You'll probably like all of Ellen Raskin's other books as well. They're slightly weirder than Westing, but all mysteries-ish.
posted by jenfullmoon at 4:11 PM on April 18, 2014 [1 favorite]

I've mentioned them before, but surprisingly the earlier (1970s and 1980s) novels by Jackie Collins may fit your interests - mind you they are quite raunchy and deal with characters who are Hollywood celebrities or ultra-wealthy. I was a young teen when I read most of them and they held up very well. Even now that I am in my 30s and mainly read more literary works I do come back to them when I want a fun and cheerful read. I would specifically recommend Hollywood Wives and Hollywood Husbands which have met your following criteria:

- they were fun reads (a fun un-put-downable book. Even though there were sad moments and some loveable characters had not so great endings, I generally feel happy after reading, and I laughed a lot thanks to the good writing)
- they were fiction (check)
- they were fast reads (Ms. Collins is witty, enjoyable and easy to read albeit page-wise not slim. If you are a very quick reader you can ready it in one sitting. if not, you will find any excuse to keep reading)
- they were mystery-like without exactly being traditional mystery novels (a very interesting whodunit multiple murder mystery is key to the plots, with a shocking outcomes. They are soap opera like but the author makes all seem quite plausible)
- they both have a manageable number of characters (there are a lot of characters but you get to know them slowly, and very well)
- the characters in both books had and built really good relationships with each other (some really strong relationships are developed between memorable characters)
- they both had a type of "coda" ending that explained what happened to the characters later (Ms. Collins does this with most all of her novels)

Other possible Jackie Collins novels that fit the bill and are fantastic would be Thrill... Possibly (though with less mystery) Lovers and Gamblers. She tends to weave a crime story or murder mystery into all of her novels. I think she gets dismissed because of the type of settings she uses (Hollywood) but man oh man what a great writer she was at her peak in the 70s and 80s!
posted by partly squamous and partly rugose at 4:14 PM on April 18, 2014

Of the two books you named, I've only read The Westing Game, but I just looked up a description of the other one.

Some YA books that I think are similar in many ways to the books you liked:

The True Meaning of Smekday by Adam Rex

Weetzie Bat by Francesca Lia Block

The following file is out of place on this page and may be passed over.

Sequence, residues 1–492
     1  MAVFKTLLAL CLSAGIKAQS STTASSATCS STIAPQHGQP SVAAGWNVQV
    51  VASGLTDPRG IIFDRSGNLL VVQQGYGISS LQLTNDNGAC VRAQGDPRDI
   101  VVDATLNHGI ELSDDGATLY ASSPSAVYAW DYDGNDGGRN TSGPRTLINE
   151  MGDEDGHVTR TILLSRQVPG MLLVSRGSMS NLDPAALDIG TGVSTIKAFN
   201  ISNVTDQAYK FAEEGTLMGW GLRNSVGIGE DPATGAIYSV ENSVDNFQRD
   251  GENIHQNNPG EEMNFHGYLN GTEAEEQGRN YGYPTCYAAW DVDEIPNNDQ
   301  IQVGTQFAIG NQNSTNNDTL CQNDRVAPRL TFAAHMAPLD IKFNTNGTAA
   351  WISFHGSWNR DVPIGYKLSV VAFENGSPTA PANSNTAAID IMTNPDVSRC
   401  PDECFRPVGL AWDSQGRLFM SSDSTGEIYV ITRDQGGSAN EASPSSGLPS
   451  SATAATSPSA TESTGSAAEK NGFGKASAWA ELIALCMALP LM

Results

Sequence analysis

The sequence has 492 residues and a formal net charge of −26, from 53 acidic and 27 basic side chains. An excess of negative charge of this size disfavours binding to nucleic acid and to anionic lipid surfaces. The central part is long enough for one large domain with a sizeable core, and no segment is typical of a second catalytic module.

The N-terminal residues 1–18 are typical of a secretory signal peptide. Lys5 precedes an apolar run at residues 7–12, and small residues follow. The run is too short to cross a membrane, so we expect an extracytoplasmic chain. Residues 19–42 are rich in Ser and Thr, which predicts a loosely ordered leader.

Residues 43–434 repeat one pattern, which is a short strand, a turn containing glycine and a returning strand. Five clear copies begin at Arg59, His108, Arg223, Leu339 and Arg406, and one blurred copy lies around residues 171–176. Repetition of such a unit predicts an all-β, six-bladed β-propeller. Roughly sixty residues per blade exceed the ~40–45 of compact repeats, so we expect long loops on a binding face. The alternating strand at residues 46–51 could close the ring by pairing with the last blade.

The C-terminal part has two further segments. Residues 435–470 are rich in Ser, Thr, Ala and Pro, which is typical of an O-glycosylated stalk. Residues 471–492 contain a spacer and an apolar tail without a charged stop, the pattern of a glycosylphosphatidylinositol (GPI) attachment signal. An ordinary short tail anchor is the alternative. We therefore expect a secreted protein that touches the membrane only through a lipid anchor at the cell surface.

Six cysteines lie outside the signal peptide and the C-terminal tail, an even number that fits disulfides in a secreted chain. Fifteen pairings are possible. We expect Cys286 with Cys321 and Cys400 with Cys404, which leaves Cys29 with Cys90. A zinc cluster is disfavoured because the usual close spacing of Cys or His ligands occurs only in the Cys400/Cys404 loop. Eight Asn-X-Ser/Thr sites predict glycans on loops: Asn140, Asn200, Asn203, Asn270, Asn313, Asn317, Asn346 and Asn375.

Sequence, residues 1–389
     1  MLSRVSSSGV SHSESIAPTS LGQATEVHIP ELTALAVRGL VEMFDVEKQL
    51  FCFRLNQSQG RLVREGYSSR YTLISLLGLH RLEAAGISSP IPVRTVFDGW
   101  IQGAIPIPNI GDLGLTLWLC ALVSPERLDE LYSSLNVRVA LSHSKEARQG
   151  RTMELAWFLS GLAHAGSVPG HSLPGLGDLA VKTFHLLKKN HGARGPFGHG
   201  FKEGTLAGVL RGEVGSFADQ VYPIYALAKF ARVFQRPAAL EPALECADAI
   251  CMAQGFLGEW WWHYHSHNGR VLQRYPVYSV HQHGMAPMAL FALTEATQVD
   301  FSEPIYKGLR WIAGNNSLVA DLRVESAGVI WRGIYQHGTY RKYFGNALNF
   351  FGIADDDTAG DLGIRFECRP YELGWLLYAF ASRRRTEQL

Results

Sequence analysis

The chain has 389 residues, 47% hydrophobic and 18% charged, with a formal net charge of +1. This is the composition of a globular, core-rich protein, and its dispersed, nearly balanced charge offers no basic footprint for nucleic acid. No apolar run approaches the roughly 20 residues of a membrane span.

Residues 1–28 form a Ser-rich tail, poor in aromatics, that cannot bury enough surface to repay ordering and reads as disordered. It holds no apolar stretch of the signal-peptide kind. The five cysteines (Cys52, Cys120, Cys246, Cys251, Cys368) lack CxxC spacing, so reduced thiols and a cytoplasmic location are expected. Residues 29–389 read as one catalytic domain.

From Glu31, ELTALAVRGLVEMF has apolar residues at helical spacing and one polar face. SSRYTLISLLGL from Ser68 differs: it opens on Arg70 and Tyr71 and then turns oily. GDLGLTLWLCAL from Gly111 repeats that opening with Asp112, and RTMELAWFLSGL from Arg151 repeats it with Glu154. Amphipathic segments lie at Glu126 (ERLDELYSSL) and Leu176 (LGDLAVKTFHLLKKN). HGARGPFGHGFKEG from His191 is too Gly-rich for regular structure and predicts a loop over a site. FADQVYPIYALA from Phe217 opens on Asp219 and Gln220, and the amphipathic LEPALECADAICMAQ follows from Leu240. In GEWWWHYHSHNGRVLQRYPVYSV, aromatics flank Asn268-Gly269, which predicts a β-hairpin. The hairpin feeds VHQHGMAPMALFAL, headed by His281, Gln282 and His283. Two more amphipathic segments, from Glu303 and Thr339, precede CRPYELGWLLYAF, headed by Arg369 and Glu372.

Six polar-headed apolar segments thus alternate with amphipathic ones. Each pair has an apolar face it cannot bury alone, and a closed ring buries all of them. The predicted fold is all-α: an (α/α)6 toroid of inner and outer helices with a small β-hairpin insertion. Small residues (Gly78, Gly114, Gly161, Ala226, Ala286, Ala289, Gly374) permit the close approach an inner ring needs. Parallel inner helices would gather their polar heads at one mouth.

Holes by Louis Sachar

And a couple of adult books:

Microserfs by Douglas Coupland

To Say Nothing of the Dog by Connie Willis
posted by Redstart at 4:43 PM on April 18, 2014

I remember feeling that way when reading The Eygpt Game by Zilpha Keatley Snyder.
posted by holmesian at 5:07 PM on April 18, 2014 [1 favorite]

They are not particularly demanding reads, but Alexander McCall Smith's books fulfill most of your criteria. I often say they are the equivalent of a nice cup of tea and a biscuit - they leave me feeling relaxed, refreshed and reinvigorated! He has written a number of series and standalone novels; my favourites are the 44 Scotland Street series and The No. 1 Ladies' Detective Agency series. No "codas" but you can just pick up the next book to find out what happens to the characters!
posted by Naanwhal at 5:13 PM on April 18, 2014 [1 favorite]

I really enjoyed The Martian.

It's the story of an astronaut stranded on Mars after a mission goes wrong. He spends the book getting into scrapes and solving problems. It's a lot of fun.

Disclaimer: The author is a personal friend of mine.
posted by caphector at 5:33 PM on April 18, 2014 [1 favorite]

Weetzie Bat is EXCELLENT. But, I would suggest picking up Dangerous Angels instead. It is all 5 of the Weetzie Bat books in one volume. (my favorite of the bunch is Witch Baby).
posted by bibliogrrl at 5:39 PM on April 18, 2014 [1 favorite]

"The City and The City" by China Mieville
"The Yiddish Policemen's Union" by Michael Chabon

I LOVED Penumbra, and these two are associated with that one in my brain. Fun, quirky, fast-paced mysteries with a tinge of magical realism.
posted by arcticwoman at 6:05 PM on April 18, 2014 [1 favorite]

I feel this way whenever I read any of the Jasper Fforde books (like The Eyre Affair and the rest of the Thursday Next series). In fact, right now, I'm cheering myself up by reading The Last Dragonslayer, the first of his young adult series. I'd recommend the Thursday Next books (but in chronological order) or his Nursery Crimes (Big Over See, The Fourth Bear) books, but not his Shades of Gray (which is not the "naughty" one of the same title) because it's not nearly as funny and clever, and can be dystopian.